Turns out that a nice set of threads isn’t just a good look for you or me – it’s pretty sharp on a cherry tree too. And for that matter, a peach tree, an olive tree, a grape vine, a tomato plant, a head of lettuce. All sorts of fruits and vegetables do better “dressed up.”
Granted, it’s not quite the same look. These threads – are custom-made polymer fabrics, designed especially for all that grows down on the farm.
Take Protecta®, for instance. That’s a fabric specially designed to protect (naturally) cherry trees, especially from rain, which can ruin the fruit. Using a high-density polyethylene, a polymer made from the petrochemical ethylene, Protecta® is something like Gore-Tex® for trees: it breathes, so the trees get air; it lets through light (even Gore-Tex can’t do that) so the fruit can grow and ripen; and, it blocks out almost all the rain (the trees DO need some water). And the monofilament fiber is strong too (so it holds up to years of wind and rain and sun).
…that’s what a Protecta®-protected orchard looks like from underneath.
And Arrigoni, the Italian company that turned polymers into protection for cherry trees, has a whole series of farm fabrics for various crops. They started out as a fabric company back in 1936 that specialized in weaving. Most of their fabrics, tape and netting is polyethylene and polypropylene – you guessed it, derived from the base petrochemicals ethylene and propylene. Each different type of fabric, tape or netting uses unique weave patterns to achieve the desired protection. Chemistry and plant haute couture!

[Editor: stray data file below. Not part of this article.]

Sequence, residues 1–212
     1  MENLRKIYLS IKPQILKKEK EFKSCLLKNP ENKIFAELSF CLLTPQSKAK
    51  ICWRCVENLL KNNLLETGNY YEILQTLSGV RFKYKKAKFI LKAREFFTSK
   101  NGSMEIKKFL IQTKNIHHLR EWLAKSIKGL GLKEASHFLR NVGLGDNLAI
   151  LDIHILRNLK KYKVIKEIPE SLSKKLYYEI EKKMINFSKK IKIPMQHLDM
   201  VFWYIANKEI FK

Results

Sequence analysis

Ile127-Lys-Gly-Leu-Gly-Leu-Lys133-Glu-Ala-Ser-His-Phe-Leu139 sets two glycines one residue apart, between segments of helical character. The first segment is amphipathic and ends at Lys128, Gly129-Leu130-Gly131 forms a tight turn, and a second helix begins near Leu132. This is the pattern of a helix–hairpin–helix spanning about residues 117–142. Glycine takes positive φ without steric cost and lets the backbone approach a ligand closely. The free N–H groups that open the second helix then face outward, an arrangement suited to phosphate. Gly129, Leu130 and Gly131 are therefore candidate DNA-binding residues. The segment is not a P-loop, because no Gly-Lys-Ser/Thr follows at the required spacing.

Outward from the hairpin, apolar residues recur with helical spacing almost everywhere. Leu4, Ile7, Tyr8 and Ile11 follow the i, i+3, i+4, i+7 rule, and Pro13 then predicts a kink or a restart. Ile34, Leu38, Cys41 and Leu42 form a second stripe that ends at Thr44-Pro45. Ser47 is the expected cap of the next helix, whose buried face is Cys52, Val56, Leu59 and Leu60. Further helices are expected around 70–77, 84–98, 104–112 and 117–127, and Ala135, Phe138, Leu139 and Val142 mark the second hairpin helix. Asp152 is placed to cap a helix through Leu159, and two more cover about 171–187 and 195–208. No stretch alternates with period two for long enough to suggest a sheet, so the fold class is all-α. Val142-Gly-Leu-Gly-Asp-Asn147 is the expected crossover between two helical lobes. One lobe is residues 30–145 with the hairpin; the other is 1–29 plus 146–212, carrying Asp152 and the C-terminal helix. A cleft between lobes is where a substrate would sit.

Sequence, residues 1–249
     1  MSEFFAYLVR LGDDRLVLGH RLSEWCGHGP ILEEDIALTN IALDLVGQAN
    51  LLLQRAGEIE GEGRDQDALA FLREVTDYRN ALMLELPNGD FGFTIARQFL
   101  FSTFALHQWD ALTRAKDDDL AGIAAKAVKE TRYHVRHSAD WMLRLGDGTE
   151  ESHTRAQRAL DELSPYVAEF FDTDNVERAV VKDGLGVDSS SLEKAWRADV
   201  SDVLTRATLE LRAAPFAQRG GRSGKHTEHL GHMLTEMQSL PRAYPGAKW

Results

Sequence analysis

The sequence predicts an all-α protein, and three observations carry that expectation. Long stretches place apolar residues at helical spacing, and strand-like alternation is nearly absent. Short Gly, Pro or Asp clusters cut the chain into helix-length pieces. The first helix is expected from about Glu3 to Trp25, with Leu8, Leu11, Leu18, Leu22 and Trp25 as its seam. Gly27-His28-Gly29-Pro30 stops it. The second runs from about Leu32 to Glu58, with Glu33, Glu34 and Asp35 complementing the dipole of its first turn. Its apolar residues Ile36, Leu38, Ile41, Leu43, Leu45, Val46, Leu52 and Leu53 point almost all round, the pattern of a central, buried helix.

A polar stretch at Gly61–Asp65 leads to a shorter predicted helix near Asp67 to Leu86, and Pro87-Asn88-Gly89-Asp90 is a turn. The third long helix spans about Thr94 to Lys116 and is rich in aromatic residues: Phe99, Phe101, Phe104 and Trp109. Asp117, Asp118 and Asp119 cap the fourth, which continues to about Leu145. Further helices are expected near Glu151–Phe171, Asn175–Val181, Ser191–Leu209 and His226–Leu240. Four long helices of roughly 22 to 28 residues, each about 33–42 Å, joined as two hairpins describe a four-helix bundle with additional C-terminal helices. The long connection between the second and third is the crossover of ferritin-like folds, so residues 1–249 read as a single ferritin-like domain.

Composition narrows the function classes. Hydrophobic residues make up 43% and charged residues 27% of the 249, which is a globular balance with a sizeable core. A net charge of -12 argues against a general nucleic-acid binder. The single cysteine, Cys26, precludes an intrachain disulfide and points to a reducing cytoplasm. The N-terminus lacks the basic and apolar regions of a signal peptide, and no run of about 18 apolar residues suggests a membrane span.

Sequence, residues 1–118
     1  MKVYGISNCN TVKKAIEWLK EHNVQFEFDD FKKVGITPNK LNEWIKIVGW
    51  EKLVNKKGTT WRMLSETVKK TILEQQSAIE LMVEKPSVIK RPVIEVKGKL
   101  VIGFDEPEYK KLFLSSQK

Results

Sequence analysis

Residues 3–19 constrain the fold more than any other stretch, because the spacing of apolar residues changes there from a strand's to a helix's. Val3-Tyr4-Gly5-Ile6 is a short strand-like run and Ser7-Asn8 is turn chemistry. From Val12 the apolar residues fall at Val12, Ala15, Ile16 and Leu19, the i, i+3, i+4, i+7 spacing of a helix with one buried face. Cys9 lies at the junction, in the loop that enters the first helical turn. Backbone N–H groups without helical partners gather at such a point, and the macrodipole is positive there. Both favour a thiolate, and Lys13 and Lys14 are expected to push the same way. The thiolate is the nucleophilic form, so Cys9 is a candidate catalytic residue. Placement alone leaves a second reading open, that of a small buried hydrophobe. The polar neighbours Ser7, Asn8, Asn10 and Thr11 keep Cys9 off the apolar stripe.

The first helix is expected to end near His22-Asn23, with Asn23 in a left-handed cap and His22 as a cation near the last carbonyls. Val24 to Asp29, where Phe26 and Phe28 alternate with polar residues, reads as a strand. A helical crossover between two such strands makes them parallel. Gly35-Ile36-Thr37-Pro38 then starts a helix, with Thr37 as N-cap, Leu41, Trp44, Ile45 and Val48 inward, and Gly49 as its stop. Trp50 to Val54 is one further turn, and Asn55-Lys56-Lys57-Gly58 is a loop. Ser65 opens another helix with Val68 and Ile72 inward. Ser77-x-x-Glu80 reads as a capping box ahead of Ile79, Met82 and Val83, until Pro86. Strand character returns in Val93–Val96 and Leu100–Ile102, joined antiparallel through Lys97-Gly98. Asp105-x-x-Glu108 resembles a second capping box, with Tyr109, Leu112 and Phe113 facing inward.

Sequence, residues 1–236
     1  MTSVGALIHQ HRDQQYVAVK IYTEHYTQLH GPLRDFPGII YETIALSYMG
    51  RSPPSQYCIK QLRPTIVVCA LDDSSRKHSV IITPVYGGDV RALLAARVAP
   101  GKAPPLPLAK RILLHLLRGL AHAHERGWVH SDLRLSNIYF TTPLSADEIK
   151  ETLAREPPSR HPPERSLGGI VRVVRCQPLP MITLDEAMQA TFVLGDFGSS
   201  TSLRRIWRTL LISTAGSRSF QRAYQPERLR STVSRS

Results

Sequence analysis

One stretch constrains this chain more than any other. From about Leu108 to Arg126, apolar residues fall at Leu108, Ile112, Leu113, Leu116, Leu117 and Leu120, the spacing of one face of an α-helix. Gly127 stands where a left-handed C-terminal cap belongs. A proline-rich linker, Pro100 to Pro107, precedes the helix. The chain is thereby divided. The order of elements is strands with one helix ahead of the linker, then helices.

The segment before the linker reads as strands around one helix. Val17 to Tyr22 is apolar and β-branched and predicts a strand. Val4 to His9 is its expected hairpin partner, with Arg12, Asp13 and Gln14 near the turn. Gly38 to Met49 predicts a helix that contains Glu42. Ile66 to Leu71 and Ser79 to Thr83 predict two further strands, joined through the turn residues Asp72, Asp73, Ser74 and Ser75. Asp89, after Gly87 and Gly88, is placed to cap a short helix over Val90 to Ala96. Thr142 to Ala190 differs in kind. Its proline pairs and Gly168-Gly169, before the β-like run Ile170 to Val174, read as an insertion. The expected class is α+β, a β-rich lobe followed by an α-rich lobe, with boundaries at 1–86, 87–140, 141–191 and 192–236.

They’ve got a fabric cover made from specially woven polyethylene tape that keeps the sun from scorching berry plants, like strawberries (which, incidentally account for about 70 percent of the berries grown worldwide).
Worried about your wine grapes? Arrigoni’s got high-density polyethylene nets that keep hail off the grapes, and protect against too much heat and sunlight. There’s netting to protect ground crops like cabbage (from birds) and root crops like carrots (from bugs).
It all falls under the heading of agrotextiles – which take the idea of a greenhouse, and bring it out into the fields: polymer nets and sheeting on frames built up over trees – draped over grape vines – spread over ground crops. Using fabrics woven from polymers (made from petrochemicals) protect plants, while allowing the necessary sunlight and water through. And because the material is fabric, not glass – it’s possible to set up wherever crops are growing, and take down when it’s not needed, or to move elsewhere.
With more and more people to feed every year, protecting the food we grow is all the more important. And thanks to the agrotextile industry, polymers are helping our cherry and peach and apple trees stay fruitful (and their crop counterparts on the ground too).